Italy House


~ Living in Italy ~



Hospital Outpatients

Would you be a casualty of the Italian hospital service?

A personal visit to the outpatients department in Foligno hospital

Since moving to Italy, I have had occasion to visit our local hospital on no less than four occasions (twice to the outpatients department); they have all been memorable in their own way.

When I arrived in Italy, I brought with me a classic case of lymphedema - something which my doctor in Britain had chosen to ignore thus allowing it to get so well-established that it is now completely untreatable. That said, the effects of the illness can be alleviated (or exacerbated) and it was due to some of the less pleasant effects of my ailment that lead me to the outpatients department of our local hospital the first time.

At the time of visiting outpatients, both of my legs had ulcerated - which means that they had burst open and a constant stream of acidic fluid was issuing forth burning the other tissue and causing further ulceration as it ran down my legs. On top of that, it was the fly season and both legs had become infected. It had got so bad that if I didn't soon do something about it there was a very real possibility that I might lose one or even both legs to gangrene. We went into the Casualty Department of the new hospital in Foligno one afternoon late in summer 2005, checked in as outpatients and took our seats for the obligatory wait.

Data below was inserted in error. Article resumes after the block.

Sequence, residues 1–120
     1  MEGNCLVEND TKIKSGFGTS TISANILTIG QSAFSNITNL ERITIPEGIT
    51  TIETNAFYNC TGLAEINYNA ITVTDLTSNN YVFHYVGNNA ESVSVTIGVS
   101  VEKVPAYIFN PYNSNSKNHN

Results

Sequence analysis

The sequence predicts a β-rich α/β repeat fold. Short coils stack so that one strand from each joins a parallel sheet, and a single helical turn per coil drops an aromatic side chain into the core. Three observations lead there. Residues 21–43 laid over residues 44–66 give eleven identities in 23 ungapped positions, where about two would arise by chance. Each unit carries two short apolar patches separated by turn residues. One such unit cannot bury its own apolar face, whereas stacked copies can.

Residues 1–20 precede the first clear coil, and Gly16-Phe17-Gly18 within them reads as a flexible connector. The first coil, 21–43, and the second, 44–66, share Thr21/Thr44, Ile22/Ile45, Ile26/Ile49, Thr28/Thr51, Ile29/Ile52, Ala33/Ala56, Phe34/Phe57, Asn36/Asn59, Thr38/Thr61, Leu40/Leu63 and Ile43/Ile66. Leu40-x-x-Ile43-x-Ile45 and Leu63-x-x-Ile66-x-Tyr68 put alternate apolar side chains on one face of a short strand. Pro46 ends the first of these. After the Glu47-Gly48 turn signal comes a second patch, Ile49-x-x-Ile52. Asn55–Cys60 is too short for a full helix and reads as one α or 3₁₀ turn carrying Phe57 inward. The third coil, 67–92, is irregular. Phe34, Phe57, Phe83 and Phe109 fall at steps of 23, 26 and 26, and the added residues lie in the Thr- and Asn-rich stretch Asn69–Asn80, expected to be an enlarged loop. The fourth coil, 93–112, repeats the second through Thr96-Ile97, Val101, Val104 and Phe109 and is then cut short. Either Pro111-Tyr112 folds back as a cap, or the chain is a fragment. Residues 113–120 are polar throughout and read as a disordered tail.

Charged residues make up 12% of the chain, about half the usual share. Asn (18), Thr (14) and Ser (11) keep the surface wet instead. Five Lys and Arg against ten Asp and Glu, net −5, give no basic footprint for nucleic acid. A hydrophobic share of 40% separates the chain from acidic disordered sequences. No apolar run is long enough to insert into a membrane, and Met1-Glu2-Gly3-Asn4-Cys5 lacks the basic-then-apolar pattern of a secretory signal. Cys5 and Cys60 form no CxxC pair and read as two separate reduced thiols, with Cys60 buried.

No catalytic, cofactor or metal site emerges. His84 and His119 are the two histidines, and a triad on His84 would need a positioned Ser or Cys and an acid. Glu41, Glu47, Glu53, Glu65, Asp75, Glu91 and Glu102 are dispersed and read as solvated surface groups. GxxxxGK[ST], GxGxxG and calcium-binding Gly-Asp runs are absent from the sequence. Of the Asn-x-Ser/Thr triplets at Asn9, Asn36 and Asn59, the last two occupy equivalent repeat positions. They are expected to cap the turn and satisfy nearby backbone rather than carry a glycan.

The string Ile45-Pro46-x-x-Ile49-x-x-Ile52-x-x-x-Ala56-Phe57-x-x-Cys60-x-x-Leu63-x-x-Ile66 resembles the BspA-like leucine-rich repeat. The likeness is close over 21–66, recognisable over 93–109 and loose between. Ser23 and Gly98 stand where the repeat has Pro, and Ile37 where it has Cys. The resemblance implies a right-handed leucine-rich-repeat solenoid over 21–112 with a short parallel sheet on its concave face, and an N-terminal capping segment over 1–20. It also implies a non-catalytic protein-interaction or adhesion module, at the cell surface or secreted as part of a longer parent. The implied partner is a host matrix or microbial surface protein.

Finally I was called but, instead of receiving any treatment for my legs (which were so painful that it had taken me quite a considerable time to hobble on down the corridor to the outpatients treatment room), I was questioned about my weight and whether I had 'always been heavy'. More doctors appeared from nowhere and very soon the room was crowded with myself, my wife and about 10 of them. Not one was interested in helping me - most stood around laughing and pointing like I was some travelling freak show. Despite having legs which literally stank of decaying flesh, I was dismissed with a lot of grins and sniggers and without ever having had any treatment - not even a saline clean up of my ulcers.

I stormed out of the hospital only to be met by a gaggle of the aforementioned doctors hanging around the car park seemingly enjoying a 'post-coital' cigarette (NB despite their knowledge of the damage it causes, most doctors here smoke like chimneys).

Fortunately for my plight, my wife managed to flag down a 'home-visit' nurse but that is another tale and not to be mixed with this one about Outpatients.

Hospital Outpatients

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